- Jordan Beauchamp
- On Sacred Grounds owner Elaine Rising (left) and Kathy Barrick
A coffee break at On Sacred Grounds Coffee, Tea & Specialty Shoppe in Valleyford is like visiting your favorite great aunt — if that aunt offered 15 varieties of woodfire-roasted coffee, half of them organic. Located on the Palouse Highway, a scenic 15-minute drive beyond Spokane’s southern edge, the shop feels so folksy, so local, it could be called the anti-Starbucks.
Owner Elaine Rising, wearing her Sunday best, surrounded by gently used books — all for sale — greets customers with a buoyant “Hi there!” laced with a Long Island accent. She’s doubling the size of her 6-year-old shop — a modified trailer — to roughly 700 square feet to better serve customers as a community center and general store emphasizing local and natural products.
Rising, who has 10 years of experience working with coffee, makes lattes and cappuccinos ($2.50- $2.75, add a quarter for flavoring) using Spokane Family Farms low-heat pasteurized, non-homogenized whole (3.5 percent fat) milk. She carries fat-free, organic milk to make frosty granitas ($3- $3.50) and espresso drinks for customers who prefer the lighter option. A thick, hot chocolate sauce from Spokanebased Halletts Chocolate flavors her mochas ($3-$3.50).
Even her coffee has a local connection, roasted by Rogers High School graduate Tim Curry at his Reno, Nevada, coffee company.
On Sacred Grounds offers a variety of baked goods ($1.50-$2.25), as well as breakfast sandwiches made with local organic eggs ($2.25-$3). Rising serves a bleu cheese burger ($3) and ham and turkey sandwiches ($2.75) with cheddar or Swiss cheese piled on organic cracked-wheat bread. She plans to enhance the menu after the remodel.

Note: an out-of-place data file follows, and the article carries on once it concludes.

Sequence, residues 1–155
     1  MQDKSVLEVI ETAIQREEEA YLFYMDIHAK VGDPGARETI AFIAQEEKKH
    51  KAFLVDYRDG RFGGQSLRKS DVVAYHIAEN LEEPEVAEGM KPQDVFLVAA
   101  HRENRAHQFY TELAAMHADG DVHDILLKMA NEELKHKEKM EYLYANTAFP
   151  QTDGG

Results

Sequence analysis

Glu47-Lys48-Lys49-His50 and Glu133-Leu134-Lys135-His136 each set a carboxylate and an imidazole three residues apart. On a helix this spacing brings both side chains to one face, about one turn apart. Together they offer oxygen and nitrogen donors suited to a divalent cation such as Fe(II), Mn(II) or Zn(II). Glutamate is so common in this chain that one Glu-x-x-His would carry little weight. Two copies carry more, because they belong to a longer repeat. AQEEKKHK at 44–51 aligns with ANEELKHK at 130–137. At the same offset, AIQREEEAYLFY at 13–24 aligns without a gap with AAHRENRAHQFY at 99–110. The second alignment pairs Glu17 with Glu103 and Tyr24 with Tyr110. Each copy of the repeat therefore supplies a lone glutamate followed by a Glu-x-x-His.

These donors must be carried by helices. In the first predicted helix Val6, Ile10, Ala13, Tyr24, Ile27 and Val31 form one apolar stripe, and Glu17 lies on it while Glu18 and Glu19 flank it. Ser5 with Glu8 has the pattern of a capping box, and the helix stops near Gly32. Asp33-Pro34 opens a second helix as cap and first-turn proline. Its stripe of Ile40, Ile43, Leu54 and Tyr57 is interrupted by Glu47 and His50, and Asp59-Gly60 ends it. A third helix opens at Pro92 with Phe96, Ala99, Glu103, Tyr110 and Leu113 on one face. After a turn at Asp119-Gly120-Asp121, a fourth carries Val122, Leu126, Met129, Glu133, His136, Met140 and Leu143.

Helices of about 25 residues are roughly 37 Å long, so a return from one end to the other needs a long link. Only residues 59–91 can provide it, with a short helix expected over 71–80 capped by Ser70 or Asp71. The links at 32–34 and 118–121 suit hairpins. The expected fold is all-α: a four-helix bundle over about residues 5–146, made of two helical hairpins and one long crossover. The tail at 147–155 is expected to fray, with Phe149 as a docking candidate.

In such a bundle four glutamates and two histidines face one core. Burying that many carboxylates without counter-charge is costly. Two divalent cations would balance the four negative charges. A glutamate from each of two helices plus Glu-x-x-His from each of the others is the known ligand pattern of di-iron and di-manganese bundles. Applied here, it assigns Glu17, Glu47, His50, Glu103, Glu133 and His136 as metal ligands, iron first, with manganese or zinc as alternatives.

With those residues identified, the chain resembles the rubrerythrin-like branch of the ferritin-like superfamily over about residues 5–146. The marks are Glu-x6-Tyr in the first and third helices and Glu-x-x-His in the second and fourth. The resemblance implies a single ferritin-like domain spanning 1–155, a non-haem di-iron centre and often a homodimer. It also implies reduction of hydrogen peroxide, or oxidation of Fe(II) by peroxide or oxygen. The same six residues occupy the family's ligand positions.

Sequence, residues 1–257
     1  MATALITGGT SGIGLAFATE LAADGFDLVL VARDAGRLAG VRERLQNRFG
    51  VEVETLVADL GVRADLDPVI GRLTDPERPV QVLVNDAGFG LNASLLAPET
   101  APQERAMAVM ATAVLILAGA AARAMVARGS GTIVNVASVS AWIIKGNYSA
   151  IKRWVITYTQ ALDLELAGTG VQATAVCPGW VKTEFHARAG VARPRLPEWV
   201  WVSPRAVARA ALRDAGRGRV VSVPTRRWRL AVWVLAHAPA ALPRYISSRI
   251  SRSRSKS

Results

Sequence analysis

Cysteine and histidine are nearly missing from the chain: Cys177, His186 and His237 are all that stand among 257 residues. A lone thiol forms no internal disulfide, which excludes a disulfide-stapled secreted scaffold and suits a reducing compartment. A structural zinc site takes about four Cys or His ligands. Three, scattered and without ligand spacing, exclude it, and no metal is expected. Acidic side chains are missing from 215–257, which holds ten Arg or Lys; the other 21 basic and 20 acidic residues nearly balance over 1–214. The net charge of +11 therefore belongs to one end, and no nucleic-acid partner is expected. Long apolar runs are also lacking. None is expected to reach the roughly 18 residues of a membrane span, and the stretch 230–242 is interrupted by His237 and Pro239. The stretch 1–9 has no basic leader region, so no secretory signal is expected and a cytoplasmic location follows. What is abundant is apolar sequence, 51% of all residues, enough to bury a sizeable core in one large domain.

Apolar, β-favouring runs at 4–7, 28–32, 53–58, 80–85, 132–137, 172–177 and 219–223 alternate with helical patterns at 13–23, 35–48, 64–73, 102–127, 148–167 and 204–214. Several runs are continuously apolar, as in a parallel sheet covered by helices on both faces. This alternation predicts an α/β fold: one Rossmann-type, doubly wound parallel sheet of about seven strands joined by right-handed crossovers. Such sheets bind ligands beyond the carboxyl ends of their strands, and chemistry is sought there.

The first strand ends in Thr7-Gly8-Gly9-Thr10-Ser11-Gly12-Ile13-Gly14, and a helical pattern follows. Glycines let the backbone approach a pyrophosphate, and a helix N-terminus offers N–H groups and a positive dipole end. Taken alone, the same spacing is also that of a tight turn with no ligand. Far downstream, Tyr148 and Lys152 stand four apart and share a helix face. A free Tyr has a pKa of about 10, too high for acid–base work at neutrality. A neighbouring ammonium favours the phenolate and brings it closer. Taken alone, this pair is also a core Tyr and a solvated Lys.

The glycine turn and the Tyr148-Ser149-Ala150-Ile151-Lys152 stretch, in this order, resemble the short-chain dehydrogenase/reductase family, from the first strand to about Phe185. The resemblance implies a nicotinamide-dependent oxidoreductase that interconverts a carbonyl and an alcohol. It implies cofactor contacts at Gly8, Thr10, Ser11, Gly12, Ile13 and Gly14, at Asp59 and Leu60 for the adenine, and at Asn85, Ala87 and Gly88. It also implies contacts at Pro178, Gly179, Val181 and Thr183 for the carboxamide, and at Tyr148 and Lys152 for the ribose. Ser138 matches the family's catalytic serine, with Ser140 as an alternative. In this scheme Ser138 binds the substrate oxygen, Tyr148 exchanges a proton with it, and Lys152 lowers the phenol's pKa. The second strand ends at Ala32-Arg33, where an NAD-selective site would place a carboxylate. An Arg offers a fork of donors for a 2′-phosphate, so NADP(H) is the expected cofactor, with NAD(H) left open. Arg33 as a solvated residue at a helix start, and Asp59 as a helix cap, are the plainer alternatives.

The expanded shop will feature meeting space for a dozen people, plus a small historical museum/consultation room (she offers licensed notary services for $5). In addition to handcrafted jewelry, Rising’s shop now sells local honey ($4) and sources Dave’s Killer Bread upon request. Rising intends to remain open throughout the expansion and will celebrate the shop’s grand reopening during the Loose on the Palouse Art Festival next weekend from July 22-24. (Yvonne Lucero Snow)
At the top of a staircase covered in green carpet, flanked on either side by exposed rock with water cascading over the surface, lies the Rock House Bistro. The experience is so elegant that you forget for a moment that you are, in fact, inside Rockpoint Corporate Office Building Number Three.
The restaurant itself sticks to the true definition of the word bistro — it’s a small, unpretentious spot. Though the interior is somewhat cafeteria-esque, the food goes beyond what the décor may suggest. Chef Nick Loehlein, formerly of Twigs and the now-defunct Café Neo, puts together a large menu covering both breakfast and lunch items.
While there are many salad and sandwich options, Rock House does pepper the selection with options like the Thai Chicken Flatbread Pizza ($9) which is a hefty portion of grilled flatbread heaped with chicken; fresh peanut sauce; red, green and yellow diced bell peppers; red onions; carrots; and melted mozzarella. The Rock House Signature Club ($9) is also a good choice, but the sandwich is actually overshadowed by its side dish, the Rock House Bistro Chips ($1.50). Made fresh in-house, the chips come in ranch, barbecue and salt flavors, and they put bagged chips to shame.
Rock House also offers espresso — a stand-out is their granita, ($2.75-3.50), which is a Frappuccino-like beverage, but with a strong coffee flavor. Again, they make it from scratch, and it’s perfect for a hot day.
All items can be ordered for delivery, and Rock House also has many grab-and-go options, perfect for most of their office-bound clientele. General Manager Colleen Pettit also says Rock House hopes to include beer and wine in the near future.
While we were put off by the ten-cent water-cup charge and plastic cutlery, we were impressed by the effort that Pettit and her staff put forth to make customers feel welcome and taken care of in their mid-day rush for sustenance. (Tiffany Harms)